3 TAKE THIS PLAN to every person in GM so that each will understand the new rules for success, understand that GM is going to become the best in the world, and understand the vital importance of making these changes now.

4 IMMEDIATELY SEND several hundred senior leaders to the field for several weeks to visit the factories (these visits must be in depth -- not superficial plant tours), visit with and listen to the people, learn their reactions, and communicate to them that these changes are real -- not just more public relations talk. While at the factories, GM's senior people would spend evenings visiting with second- and third-shift workers.

5 ASK THE DEALER network to put together a cross section of GM customers. The top leaders will attend meetings around the world and listen to the customers who own GM cars.

6 ASK GM DEALERS to meet with them in small groups, and spend a great deal of time listening to the dealers' ideas about how to improve GM cars.

7 VISIT WITH MECHANICS who repair GM cars and listen to their ideas.

8 ORGANIZE A SERIES of meetings with GM stockholders to listen to the company's owners.

9 IN ALL OF THESE meetings the leaders of the corporation will be joined by leaders from product design and engineering, leaders from the UAW, and others who actually build the cars. The end result of this firsthand exposure will be to give every member of the GM team great sensitivity about what must be done to build the finest cars in the world.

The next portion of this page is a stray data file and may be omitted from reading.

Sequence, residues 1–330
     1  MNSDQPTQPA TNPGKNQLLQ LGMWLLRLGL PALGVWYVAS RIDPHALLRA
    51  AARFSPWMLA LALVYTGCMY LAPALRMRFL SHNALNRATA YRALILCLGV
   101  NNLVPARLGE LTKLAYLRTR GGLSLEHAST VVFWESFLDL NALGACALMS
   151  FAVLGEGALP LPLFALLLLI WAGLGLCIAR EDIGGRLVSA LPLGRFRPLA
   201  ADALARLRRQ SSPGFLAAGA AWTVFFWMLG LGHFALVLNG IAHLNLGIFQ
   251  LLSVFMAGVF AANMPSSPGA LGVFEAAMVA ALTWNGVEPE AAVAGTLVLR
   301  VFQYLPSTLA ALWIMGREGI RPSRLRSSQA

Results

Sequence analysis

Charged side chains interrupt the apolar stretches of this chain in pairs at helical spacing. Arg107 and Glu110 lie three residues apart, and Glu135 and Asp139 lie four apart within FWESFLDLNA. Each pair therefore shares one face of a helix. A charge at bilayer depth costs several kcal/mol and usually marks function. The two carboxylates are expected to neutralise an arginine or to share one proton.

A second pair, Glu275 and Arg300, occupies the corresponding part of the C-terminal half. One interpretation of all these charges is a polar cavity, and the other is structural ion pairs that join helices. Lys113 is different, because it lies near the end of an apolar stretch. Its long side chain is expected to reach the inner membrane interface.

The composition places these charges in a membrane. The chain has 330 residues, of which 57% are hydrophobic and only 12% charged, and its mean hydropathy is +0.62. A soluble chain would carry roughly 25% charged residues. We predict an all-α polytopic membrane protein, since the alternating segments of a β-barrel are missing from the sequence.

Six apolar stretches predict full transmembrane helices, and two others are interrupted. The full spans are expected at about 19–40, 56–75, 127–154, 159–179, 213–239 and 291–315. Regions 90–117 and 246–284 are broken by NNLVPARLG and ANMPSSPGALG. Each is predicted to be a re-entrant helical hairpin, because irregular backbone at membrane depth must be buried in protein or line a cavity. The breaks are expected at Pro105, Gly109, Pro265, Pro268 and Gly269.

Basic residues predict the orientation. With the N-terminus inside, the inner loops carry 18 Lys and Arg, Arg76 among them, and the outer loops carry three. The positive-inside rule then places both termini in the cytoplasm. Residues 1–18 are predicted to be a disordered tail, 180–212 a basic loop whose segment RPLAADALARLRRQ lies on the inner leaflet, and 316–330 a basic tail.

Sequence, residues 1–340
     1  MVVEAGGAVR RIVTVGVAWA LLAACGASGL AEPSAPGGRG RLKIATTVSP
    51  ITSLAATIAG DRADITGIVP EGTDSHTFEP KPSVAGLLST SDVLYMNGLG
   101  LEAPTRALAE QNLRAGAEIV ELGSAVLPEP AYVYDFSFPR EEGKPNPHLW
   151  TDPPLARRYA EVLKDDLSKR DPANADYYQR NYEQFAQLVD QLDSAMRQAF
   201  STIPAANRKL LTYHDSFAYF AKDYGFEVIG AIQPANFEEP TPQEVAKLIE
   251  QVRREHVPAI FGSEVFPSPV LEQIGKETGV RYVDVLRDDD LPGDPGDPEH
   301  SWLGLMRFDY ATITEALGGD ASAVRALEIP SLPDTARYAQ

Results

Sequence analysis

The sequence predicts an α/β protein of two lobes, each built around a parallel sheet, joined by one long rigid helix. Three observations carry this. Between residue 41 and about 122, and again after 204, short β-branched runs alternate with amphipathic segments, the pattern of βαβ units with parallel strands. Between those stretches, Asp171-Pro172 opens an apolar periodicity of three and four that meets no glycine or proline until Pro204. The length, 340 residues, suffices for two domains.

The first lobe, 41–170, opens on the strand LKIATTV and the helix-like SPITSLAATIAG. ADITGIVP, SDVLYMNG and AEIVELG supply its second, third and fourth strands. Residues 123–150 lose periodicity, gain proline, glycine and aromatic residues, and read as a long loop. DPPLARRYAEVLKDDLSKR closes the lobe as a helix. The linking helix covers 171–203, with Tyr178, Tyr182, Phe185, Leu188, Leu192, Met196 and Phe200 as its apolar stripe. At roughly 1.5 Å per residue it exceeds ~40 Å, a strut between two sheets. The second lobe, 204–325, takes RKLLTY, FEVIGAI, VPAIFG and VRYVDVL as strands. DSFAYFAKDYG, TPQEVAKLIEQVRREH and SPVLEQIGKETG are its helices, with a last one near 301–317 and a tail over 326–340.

10 GM'S LEADERSHIP will keep these new communication lines wide open as it builds the new GM. Timely, firsthand field knowledge will become GM's road map for success.

11 AT ALL TIMES during this transition the leadership of GM should be in the field, living with the troops, sharing victories and defeats, and solving the problems as quickly as they occur. Above all, the GM leaders must be out front. They must learn by direct experience and lead by example.

12 THE LEADERSHIP must reward excellence while those who won are still sweating from the effort. Celebrate victories. Learn from defeats. And then get back in the ring and win!

13 FINALLY, the leadership must work night and day to make GM such an exciting, rewarding place that GMers look forward to coming to work. They will relish taking on all competitors and beating them fairly.

Little if anything I have proposed is original. These leadership principles are timeless -- they are as basic as human nature. Some of America's finest companies have been built on them. Tapping the full potential of the GM team is the answer, not billions in spending. Nothing would please me more than to know that GM's finest years will be in the future -- not in the past.